Tuesday, October 30, 2012

National Naval Aviation Museum, Pensacola, Florida




We heard a lot of great things about this museum from a variety of people, so we definitely wanted to check it out. (Okay, let’s be honest ~ Brad was really interested, Suzanne mildly……) The National Naval Aviation Museum is on a navy base, so bring photo identification, as it will be checked.  The museum is free, as well as the parking. 



 
We arrived close to lunch time, so we ate at the Museum’s Cubi Bar Café. This is a replication of the famous Cubi Point Officers’’ club closed in 1992 that was located on a Philippine base. The original club was used by Navy and Marine squadrons and other military units for more than 40 years. All the original 1000+ plaques were sent to the museum where the layout and spirit of the original club was replicated as much as possible. We were we told that retired military personnel now come to the Museum’s Cubi Bar Café to find their names on the plaques and have a beer. The food was just okay. The sandwiches are probably the best thing to get on the menu. There is seating out on a deck overlooking one of the hangars of the museum. This helped make up for the food.



Now that we were fortified it was time to explore the museum. The museum is comprised of three hangars. The first floor of the main two hangars consists of an IMAX theatre, the gift shop, and various aircraft from WWI, WWII, the Vietnam War, the Korean War, as well as various other naval aircraft. The second floor of the main hangars had a WWII carrier exhibit, Hall of Honor, four Blue Angel planes, an art gallery, space exhibit and a few different flight simulators. There were also a few cockpits one could go into ~ we’ve decided that Brad’s definitely too tall to be a pilot!

At each plane or exhibit were informative plaques explaining the purpose of the plane, strengths and weakness, as well as specifications including speed, distance it could travel and payload. The “skins” on some of the planes were open in sections so you can see the tight quarters the pilots and crew had to deal with. We were surprised that the WWI planes were wood frames covered by canvass. In addition, there were many airplane engines on stands next to the plane in which they were used. This included old piston engines as well as the turbines used in modern aircraft.  The information plaques for the engines included the horse power generated, top RPMs and other facts that a gear head like Brad would enjoy ~ Suzanne often overheard him say “wow” under his breath as he approached and studied an engine display. (Under her breath, one could hear her say, "What a dork." :-)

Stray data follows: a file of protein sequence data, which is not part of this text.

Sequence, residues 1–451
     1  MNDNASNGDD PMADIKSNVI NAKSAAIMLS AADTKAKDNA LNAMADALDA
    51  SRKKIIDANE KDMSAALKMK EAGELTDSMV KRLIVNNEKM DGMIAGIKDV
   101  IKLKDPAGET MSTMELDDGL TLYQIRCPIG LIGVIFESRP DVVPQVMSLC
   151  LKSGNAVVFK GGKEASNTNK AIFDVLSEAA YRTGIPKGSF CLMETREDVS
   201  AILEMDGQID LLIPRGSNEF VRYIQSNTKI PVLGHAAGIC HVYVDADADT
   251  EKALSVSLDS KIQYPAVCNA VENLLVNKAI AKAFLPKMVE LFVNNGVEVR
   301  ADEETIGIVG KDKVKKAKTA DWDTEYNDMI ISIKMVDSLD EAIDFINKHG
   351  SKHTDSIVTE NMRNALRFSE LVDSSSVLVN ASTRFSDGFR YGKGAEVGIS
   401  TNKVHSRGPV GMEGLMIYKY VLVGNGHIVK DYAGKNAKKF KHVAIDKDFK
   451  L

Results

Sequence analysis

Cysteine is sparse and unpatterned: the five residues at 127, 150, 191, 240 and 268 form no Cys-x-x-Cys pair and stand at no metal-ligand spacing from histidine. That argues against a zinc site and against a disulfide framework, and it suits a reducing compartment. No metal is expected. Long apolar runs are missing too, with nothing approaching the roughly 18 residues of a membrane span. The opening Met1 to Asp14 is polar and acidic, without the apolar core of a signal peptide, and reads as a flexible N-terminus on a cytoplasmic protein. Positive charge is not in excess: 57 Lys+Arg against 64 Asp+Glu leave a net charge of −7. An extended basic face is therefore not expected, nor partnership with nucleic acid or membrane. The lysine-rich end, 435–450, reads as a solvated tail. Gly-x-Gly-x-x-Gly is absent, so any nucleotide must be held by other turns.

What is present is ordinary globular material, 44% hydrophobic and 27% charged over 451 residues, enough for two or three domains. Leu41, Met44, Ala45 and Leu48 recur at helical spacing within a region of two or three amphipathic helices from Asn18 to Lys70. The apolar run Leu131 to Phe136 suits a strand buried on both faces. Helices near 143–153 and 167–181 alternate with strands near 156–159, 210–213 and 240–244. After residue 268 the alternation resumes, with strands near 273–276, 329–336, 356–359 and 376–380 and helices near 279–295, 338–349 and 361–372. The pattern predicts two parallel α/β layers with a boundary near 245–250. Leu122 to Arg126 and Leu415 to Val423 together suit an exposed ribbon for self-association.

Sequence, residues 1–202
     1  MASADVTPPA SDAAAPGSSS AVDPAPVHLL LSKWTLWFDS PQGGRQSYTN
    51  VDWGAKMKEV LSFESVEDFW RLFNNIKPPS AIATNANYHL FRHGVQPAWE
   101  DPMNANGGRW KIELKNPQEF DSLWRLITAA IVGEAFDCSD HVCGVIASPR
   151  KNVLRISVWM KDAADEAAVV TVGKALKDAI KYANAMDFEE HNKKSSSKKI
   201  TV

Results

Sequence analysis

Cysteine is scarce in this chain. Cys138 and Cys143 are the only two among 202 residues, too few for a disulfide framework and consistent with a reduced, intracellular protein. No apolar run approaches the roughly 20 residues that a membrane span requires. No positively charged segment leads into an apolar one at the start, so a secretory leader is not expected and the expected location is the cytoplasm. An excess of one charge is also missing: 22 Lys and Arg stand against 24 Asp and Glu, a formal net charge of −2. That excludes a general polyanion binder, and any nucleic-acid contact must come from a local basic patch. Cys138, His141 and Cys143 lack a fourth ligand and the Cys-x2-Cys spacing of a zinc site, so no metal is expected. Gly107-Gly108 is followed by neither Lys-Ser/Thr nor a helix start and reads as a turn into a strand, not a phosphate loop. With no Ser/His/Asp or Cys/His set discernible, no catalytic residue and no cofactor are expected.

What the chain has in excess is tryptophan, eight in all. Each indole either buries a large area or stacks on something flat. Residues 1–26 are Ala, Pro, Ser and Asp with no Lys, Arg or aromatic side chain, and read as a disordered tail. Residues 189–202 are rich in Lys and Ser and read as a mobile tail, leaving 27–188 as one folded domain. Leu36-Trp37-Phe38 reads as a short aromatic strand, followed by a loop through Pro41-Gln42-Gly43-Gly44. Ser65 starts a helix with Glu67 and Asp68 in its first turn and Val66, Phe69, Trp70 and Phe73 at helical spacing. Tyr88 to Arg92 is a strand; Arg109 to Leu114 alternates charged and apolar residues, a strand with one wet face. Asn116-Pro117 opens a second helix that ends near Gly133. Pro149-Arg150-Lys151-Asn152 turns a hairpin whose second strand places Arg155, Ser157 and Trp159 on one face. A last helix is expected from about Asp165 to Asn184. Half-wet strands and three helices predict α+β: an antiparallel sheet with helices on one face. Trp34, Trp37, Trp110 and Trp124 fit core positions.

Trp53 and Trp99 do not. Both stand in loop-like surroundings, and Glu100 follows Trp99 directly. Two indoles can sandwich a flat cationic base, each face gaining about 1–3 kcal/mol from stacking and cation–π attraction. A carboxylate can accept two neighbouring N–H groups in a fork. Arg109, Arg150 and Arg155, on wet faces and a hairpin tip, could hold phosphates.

Hangar Bay One is a separate single story building which houses the Marine One helicopter for Presidents Nixon and Ford. There is also Coast Guard aircraft, an area dedicated to POWs, and even more modern planes.


The most interesting exhibit (fur us) simulated the flight deck of an aircraft carrier. This included real footage of helicopters and various planes taking off and landing. The simulation provided the intense sound, vibrations, wind and the smell of burn aircraft fuel. It was very interesting and left you with an appreciation of the enormity and sophistication of our military. This is one experience at the museum that you should not miss and it’s free to boot, unlike the other simulators and IMAX theaters.
 
The museum is a must-see if you are in the Pensacola area. Plan on spending 2-3 hours at least


Two other areas at the base that are open to the public are the Pensacola Lighthouse & Museum and the Gulf Islands’ Fort Barrancas. We passed on the Fort (since we plan to go on a range talk of Fort Pickens where we’re camping, and one fort is more than enough for us), but we did check-out the lighthouse.
The Pensacola Lighthouse was established in 1859 and remains an active aid to navigation to this day. For $5, one can climb the 177-steps to the top, but we passed on this, as we’ve been to the top of many lighthouses (and Brad was getting hungry again).

One other thing the public can do on the base is watch the Blue Angels practice sessions, of which one will be happening while we’re here.  Since the Gulf Islands National Seashore campground is just across Pensacola Bay from the navy base, we’ll be able to see everything from our campsite, so we plan to grab a cup of coffee, sit back, and enjoy the show.
Easy and affordable - no matter where you are! 

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